The Department of Homeland Security’s $1.2 billion plan to buy radiation-detection machines for the nation’s borders has been delayed amid allegations that officials urged an analyst to destroy data about the machines’ performance.
Homeland Security Secretary Michael Chertoff has told Congress that the new machines would significantly improve the screening of cars, trucks and cargo containers for radiological material. In July 2006, he announced contracts to purchase up to 1,400 of the devices, called advanced spectroscopic portal radiation monitors, or ASPs, which costs $377,000 each, according to the Washington Post.
But Homeland Security spokeswoman Laura Keehner said in a statement that tests of the ASPs by Customs and Border Protection officials disclosed shortcomings that “led to the determination that additional functional capability is needed to meet the operational requirements.”
Now Chertoff has decided the machines need more work, and it could be another year before they are deployed, Homeland Security officials predict.
In a Nov. 16 letter to Congress, the director of the department’s Domestic Nuclear Detection Office said his staff was probing allegations that someone at the DNDO directed personnel from the National Institute of Standards and Technology, who were helping analyze the ASP’s test results, to delete some of the testing data.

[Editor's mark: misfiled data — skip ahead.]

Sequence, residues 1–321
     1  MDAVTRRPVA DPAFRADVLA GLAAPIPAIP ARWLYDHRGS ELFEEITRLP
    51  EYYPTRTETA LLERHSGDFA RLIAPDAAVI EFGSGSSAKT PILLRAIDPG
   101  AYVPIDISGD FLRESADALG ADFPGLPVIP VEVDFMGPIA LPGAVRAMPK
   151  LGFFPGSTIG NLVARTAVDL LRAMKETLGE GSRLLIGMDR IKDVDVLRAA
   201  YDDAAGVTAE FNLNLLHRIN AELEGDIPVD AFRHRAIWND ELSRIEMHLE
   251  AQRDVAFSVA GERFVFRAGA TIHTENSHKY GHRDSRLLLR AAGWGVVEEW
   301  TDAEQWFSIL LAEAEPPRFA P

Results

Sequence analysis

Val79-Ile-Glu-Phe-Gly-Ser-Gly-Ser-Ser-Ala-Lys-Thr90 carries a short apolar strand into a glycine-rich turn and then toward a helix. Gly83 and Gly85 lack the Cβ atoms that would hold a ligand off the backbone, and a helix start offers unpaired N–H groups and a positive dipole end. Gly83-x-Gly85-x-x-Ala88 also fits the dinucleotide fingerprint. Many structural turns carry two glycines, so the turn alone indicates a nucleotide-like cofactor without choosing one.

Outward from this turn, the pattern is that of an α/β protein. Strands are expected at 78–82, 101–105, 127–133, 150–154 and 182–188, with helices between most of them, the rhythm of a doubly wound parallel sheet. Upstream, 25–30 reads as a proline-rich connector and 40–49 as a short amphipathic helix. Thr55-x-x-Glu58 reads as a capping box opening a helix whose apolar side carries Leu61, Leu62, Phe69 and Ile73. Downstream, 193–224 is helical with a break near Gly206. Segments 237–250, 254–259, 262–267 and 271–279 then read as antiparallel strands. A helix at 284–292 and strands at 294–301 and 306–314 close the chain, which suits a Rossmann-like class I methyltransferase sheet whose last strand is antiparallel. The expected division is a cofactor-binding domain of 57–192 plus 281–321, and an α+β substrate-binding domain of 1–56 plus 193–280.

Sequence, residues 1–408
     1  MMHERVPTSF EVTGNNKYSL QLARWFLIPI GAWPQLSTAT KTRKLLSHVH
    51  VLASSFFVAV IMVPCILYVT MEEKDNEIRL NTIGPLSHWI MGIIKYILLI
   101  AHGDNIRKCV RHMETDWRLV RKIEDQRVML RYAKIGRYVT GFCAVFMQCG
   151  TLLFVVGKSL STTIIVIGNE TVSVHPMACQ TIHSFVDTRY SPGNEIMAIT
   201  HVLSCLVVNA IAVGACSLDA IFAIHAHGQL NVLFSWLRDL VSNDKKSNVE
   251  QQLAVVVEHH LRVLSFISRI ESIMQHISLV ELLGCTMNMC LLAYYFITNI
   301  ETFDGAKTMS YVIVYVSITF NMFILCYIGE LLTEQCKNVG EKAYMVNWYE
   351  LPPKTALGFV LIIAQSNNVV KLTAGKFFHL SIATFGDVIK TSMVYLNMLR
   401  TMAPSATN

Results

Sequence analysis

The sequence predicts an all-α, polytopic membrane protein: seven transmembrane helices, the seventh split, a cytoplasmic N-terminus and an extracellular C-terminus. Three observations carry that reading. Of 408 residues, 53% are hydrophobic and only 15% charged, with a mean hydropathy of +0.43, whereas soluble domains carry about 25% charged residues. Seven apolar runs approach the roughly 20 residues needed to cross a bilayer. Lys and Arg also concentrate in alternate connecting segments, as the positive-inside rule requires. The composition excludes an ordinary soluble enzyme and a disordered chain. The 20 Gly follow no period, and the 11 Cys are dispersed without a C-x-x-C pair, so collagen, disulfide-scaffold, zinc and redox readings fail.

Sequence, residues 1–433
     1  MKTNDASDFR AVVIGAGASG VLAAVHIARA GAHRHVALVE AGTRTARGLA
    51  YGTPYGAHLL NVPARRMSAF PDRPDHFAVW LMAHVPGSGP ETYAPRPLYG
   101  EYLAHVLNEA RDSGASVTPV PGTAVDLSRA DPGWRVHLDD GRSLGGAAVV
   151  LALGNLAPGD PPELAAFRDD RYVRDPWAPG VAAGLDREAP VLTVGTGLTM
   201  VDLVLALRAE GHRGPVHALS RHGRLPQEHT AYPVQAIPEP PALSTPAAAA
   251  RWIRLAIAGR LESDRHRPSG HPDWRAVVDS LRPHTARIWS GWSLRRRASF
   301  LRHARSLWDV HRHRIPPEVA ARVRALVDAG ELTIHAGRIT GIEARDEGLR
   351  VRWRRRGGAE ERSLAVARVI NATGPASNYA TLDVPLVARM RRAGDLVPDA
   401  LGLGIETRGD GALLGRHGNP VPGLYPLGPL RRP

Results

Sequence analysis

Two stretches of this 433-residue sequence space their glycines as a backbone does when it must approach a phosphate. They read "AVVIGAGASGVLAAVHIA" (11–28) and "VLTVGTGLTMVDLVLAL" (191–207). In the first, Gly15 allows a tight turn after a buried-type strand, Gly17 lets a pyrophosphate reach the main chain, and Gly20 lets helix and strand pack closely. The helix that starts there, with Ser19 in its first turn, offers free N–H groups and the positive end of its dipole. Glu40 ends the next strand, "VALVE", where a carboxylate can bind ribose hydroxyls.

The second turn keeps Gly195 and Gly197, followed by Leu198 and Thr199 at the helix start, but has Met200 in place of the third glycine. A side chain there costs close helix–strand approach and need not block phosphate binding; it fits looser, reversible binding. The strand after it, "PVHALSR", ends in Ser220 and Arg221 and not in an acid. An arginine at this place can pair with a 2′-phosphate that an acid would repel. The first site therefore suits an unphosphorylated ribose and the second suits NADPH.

Homeland Security spokesman Russ Knocke acknowledged that the DNDO had contacted an analyst at the Institute, but he told the Post that a review found “there is no indication of anything inappropriate.”
This is not the first time that the plan to deploy the machines has hit a snag. In August, Government Accountability Office auditors charged that DNDO officials had greatly exaggerated the ASP’s effectiveness in an earlier report filed in June.
GAO auditors also found that Homeland Security personnel allowed contractors to “calibrate their machines in anticipation of tests in January and February, a move that auditors said had enhanced the outcome of the tests,” the Post reported.
Sen. Joseph Lieberman, chairman of the Homeland Security and Governmental Affairs Committee, urged Homeland Security “to work quickly to resolve its problems so we can put this technology to work.”
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